The newsLINK Group - Banks and Social Media - Developing a Policy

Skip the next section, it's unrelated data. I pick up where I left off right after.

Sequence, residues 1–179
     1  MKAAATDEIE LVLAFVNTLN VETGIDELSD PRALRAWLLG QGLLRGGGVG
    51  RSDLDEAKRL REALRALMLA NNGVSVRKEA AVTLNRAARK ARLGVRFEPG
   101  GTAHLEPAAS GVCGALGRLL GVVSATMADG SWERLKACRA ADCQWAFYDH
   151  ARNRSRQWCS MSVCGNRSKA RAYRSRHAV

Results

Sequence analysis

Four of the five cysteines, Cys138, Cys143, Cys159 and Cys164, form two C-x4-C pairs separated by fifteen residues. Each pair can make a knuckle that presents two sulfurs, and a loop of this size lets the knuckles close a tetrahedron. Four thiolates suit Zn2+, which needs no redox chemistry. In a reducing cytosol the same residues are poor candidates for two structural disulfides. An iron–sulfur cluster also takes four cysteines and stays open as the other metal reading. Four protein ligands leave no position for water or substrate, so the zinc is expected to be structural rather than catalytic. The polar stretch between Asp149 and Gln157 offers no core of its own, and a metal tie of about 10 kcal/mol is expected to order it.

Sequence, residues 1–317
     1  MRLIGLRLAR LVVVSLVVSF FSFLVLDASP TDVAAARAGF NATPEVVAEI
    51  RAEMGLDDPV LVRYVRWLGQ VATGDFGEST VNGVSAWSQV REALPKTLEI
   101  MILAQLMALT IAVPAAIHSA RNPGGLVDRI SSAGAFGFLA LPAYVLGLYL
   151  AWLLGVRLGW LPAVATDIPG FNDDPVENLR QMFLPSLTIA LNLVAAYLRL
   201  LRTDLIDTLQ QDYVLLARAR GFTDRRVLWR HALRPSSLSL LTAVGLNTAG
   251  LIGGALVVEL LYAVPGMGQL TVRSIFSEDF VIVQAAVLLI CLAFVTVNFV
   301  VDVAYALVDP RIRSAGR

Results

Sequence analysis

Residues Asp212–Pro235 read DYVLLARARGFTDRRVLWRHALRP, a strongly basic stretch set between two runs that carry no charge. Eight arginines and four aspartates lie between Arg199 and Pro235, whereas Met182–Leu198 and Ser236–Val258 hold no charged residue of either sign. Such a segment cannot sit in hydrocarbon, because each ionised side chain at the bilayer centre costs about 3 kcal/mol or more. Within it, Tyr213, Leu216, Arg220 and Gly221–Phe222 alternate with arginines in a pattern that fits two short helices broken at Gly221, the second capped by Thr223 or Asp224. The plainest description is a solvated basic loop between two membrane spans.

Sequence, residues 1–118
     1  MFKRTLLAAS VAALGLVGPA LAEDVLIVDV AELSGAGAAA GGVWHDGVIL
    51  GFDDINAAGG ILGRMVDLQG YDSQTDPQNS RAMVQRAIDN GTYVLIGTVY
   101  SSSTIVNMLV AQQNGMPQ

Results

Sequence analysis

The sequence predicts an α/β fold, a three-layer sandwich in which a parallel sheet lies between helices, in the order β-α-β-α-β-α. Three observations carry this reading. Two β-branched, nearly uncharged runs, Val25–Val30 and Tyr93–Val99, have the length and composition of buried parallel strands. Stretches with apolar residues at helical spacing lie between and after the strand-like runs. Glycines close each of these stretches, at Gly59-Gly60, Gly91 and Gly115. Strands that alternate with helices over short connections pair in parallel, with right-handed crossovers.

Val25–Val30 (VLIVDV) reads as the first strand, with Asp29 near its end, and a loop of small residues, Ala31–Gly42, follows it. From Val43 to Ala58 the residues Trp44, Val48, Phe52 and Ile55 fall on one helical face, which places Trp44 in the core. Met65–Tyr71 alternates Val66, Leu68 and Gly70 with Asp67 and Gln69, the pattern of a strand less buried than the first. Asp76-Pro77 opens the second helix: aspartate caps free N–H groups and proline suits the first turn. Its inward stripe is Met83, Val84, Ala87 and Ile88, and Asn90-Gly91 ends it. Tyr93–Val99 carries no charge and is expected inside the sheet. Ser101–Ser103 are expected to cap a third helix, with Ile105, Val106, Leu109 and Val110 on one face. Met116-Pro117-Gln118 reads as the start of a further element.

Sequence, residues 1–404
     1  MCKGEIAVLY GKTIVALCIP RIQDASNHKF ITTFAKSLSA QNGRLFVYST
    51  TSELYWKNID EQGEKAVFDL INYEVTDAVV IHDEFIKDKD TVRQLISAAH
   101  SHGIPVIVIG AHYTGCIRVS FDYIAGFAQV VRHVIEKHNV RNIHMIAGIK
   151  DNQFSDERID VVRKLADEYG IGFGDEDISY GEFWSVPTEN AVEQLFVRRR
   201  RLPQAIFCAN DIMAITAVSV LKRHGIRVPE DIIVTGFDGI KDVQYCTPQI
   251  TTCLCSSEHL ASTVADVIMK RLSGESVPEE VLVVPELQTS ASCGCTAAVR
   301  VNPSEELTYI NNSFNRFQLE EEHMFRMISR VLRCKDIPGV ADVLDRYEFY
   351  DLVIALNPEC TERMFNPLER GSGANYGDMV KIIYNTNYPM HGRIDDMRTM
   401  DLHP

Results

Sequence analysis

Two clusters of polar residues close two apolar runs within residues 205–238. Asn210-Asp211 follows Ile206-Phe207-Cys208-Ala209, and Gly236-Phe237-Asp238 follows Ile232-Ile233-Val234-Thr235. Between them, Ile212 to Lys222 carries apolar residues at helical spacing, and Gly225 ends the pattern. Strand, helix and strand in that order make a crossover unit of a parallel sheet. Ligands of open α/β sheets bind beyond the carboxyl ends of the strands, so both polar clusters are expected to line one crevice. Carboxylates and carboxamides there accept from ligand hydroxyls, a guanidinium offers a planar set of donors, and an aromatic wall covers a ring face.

Editorial Library Category: Banking & Finance Topics: Social Media Title: Banks and Social Media – Developing a Policy Author: newsLINK Staff Synopsis: Banks are embracing social media in record numbers. Some 84% of the top 35 banks now have a social strategy, according to the 2011 Social Media Banking Sector Survey. While regulations are behind the times, new software allows for e-discovery and real-time monitoring, ensuring that FTC, SEC, and other core regulations are met. Editorial: Banks and Social Media – Developing a Policy 4064 South Highland Drive, Millcreek, Utah 84124 │ thenewslinkgroup.com │ (v) 801.676.9722 │ (tf) 855.747.4003 │ (f) 801.742.5803 Editorial Library | © The newsLINK Group LLC 1 Banks are embracing social media in record numbers. Some 84% of the top 35 banks now have a social strategy, according to the 2011 Social Media Banking Sector Survey. While regulations are behind the times, new software allows for e- discovery and real-time monitoring, ensuring that FTC, SEC, and other core regulations are met. As a result, social media is a valuable tool your bank can use to connect with customers. The Implications of Social Media for Banks Your customers use social media. If you want to keep your existing customers and find new ones, you have to go where your customers go. And that means you have to learn how to use social media, too. Some things are clear: Controlling social media messages is hard. Consistency is a problem; so is controlling who has a public voice. Everyone is struggling with this. Courtesy and service both matter. When it comes to social media, the goal is always to keep things positive. You want employees to be polite no matter where they are communicating; you want customers to be happy about their experiences with your bank. You can’t compete with the biggest banks. Instead, work on a smaller scale. Identify the possible, narrow it down to what will help, and then start working. Banks use social media differently than individuals do. It can be a useful service tool. Tweets that show excellent responsiveness to customer needs is an asset. Social media can harness the power of someone else’s brand to your advantage. Barclays decided to sponsor the top football league in England, attracting some customers to sign up on its Facebook account. (It was only a little less than 2% of the customer base, but 2% of a large number is also a large number.) You can do the same type of thing. A Social Media Policy Experts on social media all agree that as organizations embrace social media, having a social media policy is paramount for many reasons. Shama Kabani, author of the Zen of Social Media Marketing, asks, “What are they saying about you, your company, and your practices? Better yet — how are you responding? Having a social media policy in place does not mean you can dictate your image. But, you do get to interact responsibly in the conversation that forms your image.” The same can be said for banks. Developing a social media policy means asking banking employees to be sensible and thoughtful when they interact online. Kabani offers some suggestions: 1. Decide what you want social media to do for you, and how deeply you want to monitor your employees. For example, consider using it to help people recognize your brand and, if applicable, improve sales. It can also be a tool for talking both to employees and customers. Think about whether you want to initiate actions, or if you prefer reacting to the actions of other people. 2. Decide how you define social media, and write it down. A broad definition is better than a narrow one, because social media is changing fast. (Kabani defines social media as websites or mediums where open communication can take place.) Ask yourself about how your bank will get involved. Name the specifics (for example, Facebook, Twitter, LinkedIn, and online video), and add new categories when necessary. 3. Decide who owns what. Social media at work is different than at home. Draw lines, especially in cases that might be ambiguous, and check those lines with a competent lawyer to make sure you aren’t overstepping. In addition, make sure that work accounts are owned by the company and not by an employee.
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